Identifier determinePrimaryKeyJoinColumnName(ImplicitPrimaryKeyJoinColumnNameSource source);

    Identifier determineAnyDiscriminatorColumnName(ImplicitAnyDiscriminatorColumnNameSource source);

    Identifier determineAnyKeyColumnName(ImplicitAnyKeyColumnNameSource source);

Hibernate4To5NamingStrategyAdapter

This adapter can be used to adapt Hibernate 4 naming strategies to Hibernate 5 ImplicitNamingStrategy. ImprovedNamingStrategy for Hibernate 5 is builded on top of it. So it has the same limitations.

You can use the adapter by this way:

Configuration configuration = new Configuration();
configuration.setImplicitNamingStrategy(new Hibernate4To5NamingStrategyAdapter(EJB3NamingStrategy.INSTANCE));
SessionFactory sessionFactory = configuration.configure().buildSessionFactory();

It can be used with JPA configuration as well. Probably, you will need to extend Hibernate4To5NamingStrategyAdapter similar as ImprovedNamingStrategyHibernate5 extends it.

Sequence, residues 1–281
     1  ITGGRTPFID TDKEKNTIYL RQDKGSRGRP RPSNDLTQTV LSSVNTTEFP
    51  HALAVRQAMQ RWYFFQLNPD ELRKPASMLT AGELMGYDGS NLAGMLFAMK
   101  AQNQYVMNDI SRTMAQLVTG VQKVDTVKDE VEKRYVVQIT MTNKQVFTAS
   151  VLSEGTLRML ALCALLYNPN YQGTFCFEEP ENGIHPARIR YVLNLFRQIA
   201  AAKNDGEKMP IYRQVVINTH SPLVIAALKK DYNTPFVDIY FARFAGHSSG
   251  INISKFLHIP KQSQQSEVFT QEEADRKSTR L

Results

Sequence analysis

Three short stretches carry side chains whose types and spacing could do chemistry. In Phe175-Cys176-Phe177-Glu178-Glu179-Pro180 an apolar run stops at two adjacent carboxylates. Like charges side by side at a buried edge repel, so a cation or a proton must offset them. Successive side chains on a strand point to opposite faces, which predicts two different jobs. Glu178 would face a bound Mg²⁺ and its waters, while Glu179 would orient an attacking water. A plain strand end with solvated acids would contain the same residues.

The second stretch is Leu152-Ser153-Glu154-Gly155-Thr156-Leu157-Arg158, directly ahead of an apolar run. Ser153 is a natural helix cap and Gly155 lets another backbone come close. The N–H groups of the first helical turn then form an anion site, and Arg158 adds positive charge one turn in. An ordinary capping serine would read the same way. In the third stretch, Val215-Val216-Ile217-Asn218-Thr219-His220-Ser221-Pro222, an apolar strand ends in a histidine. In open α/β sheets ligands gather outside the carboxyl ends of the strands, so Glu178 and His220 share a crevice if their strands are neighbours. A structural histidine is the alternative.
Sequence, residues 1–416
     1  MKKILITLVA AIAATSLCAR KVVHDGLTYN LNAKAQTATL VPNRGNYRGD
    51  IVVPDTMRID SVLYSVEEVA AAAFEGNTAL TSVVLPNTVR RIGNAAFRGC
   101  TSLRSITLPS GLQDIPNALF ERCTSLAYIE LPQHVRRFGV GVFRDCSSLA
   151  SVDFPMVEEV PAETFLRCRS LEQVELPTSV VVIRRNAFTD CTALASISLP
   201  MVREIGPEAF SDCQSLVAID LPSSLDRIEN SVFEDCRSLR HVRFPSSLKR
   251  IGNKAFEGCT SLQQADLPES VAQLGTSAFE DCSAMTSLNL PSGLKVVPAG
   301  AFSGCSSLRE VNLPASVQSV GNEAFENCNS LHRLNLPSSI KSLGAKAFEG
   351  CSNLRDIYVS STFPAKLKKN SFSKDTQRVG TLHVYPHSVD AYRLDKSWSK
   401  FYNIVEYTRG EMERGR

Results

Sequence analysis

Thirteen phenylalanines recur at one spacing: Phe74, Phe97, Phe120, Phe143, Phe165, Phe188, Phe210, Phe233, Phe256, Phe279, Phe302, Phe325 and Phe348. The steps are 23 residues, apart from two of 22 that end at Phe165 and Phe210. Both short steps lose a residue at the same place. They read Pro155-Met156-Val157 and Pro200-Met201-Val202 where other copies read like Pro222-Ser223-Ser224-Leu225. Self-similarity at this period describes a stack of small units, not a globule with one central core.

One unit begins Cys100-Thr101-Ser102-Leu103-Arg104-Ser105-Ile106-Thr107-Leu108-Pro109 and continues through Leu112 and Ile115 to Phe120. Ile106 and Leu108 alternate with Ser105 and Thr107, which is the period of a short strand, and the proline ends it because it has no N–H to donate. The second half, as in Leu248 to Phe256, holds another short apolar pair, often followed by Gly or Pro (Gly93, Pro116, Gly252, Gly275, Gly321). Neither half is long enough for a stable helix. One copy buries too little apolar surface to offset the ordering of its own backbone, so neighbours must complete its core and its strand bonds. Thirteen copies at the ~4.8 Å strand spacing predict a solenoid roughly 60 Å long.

Nested Transformer

It is a custom transformer like Transformers.aliasToBean(SomeDto.class), but with the nested projections support.

Just download the library using Download section and use FluentHibernateResultTransformer.

Load User only with login and department.name fields

@Entity
@Table(name = "users")
public class User {

    @Id
    @Column(name = "pid")
    private Long pid;

    @Column(name = "login")
    private String login;

    @ManyToOne
    @JoinColumn(name = "fk_department")
    private Department department;

}

@Entity
@Table(name = "departments")
public class Department {

    @Id
    @Column(name = "pid")
    private Long pid;

    @Column(name = "name")
    private String name;

}

Criteria criteria = session.createCriteria(User.class, "u");
criteria.createAlias("u.department", "d", JoinType.LEFT_OUTER_JOIN);
criteria.setProjection(Projections.projectionList()
        .add(Projections.property("u.login").as("login"))
        .add(Projections.property("d.name").as("department.name")));

List<User> users = criteria
        .setResultTransformer(new FluentHibernateResultTransformer(User.class))
        .list();